Following Atticus: Forty-Eight High Peaks, One Little Dog, and an Extraordinary Friendship by Tom Ryan is published by William Morrow. It tells the story of my adventures with Atticus M. Finch, a little dog of some distinction. You can also find our column in the NorthCountry News.

Sunday, April 13, 2008

Thomas Cole: White Mountain Artist

Since I started hiking three years ago I have been drawn to the work of Thomas Cole and the other artists of the early 1800s who became known as members of the White Mountain School or White Mountain Artists. (Ironically Cole would later be credited with founding the Hudson River School and one of the peaks in the Catskills are named Thomas Cole Mountain.)

The Cole painting that resonates with me the most was painted in 1839 and is called A View of the Mountain Pass Called the Notch of the White Mountains (Crawford Notch). The painting is shown above.

Like many artists and writers of the day, Cole was fascinated by the Willey disaster. This is a synopsis from Wikipedia:
“On 28 August 1826, torrential rains in the White Mountains caused a mudslide on Mount Willey. The Willey couple, with their five children, lived in a small house in the notch between Mounts Willey and Webster. They evacuated their home with the help of two hired men to escape the landslide, but all seven Willeys and the two hired men died in the avalanche. They were buried in a mass of earth, stones, and trees while their home miraculously survived. Rescuers later found an open Bible on a table in the Willey home, indicating that the family retreated in haste.”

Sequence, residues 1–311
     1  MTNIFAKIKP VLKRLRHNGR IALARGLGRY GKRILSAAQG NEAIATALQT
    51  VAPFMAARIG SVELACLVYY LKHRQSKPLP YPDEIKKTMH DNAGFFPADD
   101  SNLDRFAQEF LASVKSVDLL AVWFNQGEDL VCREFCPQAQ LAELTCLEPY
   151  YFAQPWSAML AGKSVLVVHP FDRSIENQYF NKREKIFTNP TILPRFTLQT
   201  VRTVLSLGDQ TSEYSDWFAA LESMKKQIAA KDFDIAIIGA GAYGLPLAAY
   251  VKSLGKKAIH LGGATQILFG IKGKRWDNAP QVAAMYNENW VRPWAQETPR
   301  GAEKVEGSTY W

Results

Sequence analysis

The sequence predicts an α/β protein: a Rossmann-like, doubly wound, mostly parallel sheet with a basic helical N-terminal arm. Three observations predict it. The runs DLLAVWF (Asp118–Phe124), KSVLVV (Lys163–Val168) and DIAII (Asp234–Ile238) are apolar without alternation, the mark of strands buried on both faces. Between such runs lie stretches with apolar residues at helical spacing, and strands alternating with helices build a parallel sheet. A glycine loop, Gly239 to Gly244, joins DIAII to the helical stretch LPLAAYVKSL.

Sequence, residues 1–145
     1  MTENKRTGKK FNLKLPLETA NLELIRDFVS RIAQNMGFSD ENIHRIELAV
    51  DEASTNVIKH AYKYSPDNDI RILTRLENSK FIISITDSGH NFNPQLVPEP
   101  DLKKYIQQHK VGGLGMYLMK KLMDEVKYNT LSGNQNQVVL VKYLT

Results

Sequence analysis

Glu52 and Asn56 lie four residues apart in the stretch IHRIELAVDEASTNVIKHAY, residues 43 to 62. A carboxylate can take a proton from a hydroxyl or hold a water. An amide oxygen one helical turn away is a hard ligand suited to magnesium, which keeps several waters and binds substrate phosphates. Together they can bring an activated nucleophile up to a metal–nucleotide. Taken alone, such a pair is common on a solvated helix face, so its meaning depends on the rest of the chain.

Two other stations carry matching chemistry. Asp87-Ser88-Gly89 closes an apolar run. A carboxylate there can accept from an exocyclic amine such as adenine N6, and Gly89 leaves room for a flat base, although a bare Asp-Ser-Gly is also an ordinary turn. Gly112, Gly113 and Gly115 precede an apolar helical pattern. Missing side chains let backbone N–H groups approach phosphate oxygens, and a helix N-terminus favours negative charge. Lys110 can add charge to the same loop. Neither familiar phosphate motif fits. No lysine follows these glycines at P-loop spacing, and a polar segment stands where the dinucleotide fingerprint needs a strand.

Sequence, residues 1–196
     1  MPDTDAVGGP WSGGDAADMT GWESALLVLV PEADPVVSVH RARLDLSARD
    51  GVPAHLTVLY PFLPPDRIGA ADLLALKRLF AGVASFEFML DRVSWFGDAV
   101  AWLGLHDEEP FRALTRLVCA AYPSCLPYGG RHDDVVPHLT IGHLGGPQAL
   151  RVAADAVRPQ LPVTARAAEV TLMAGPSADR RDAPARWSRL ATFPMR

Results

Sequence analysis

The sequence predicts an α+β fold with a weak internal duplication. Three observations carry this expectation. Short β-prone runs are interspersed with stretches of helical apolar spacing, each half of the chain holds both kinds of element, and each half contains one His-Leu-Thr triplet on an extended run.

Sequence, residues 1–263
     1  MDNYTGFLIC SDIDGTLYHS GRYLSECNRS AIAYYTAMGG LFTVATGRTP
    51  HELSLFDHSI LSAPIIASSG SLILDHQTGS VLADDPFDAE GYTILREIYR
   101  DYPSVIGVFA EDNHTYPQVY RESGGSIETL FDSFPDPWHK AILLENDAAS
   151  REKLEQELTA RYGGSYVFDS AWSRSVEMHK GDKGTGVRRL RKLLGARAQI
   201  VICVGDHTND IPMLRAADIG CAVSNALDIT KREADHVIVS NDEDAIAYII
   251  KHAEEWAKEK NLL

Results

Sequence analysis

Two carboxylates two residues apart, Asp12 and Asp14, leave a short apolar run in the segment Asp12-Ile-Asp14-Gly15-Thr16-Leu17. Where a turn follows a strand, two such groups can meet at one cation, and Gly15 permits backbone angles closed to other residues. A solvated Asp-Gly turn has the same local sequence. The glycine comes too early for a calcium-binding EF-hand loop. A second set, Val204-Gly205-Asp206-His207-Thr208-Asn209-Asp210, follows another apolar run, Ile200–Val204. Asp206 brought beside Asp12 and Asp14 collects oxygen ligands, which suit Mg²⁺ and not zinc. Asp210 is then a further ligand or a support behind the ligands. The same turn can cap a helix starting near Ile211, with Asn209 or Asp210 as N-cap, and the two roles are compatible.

Thomas Cole depicted his version of the scene just before the horror started. Here’s what it says about the painting on the website for the National Gallery of Art:

Crawford Notch gained notoriety in 1826 when a catastrophic avalanche took nine lives. Nathaniel Hawthorne wrote a short story commemorating the tragedy, which may have piqued Cole's interest in the New Hampshire site. Rather than concentrating on the human drama, the artist minimized figurative elements to underscore man's insignificance and vulnerability in the face of nature's unleashed fury. Amid a seemingly idyllic autumnal setting, the barely discernible settlers, a lone rider, and the stagecoach passengers all seem oblivious to the impending cataclysm. Only the brooding storm clouds gathering at the upper left offer a portentous hint of the disaster to come.

In addition to its oblique reference to a specific historical event, Crawford Notch also reflects a prevailing romantic belief: that the destruction of America's virgin forests was tantamount to sacrilege. By juxtaposing gnarled trees with freshly hewn stumps, Cole vividly underscored the environmental consequences of man's conquest of the wilderness.
For me, that second paragraph says so much and is not unlike my line of thinking. I'm not saying this disaster was brought on by man's attempts to tame wilderness but the painting by Cole portrays an almost Pantheistic belief. No wonder I feel like I can relate to Thomas Cole.
For those wishing to see more wonderful paintings of the White Mountains from that era, check out this wonderful slide show from the New Hampshire Historical Society.

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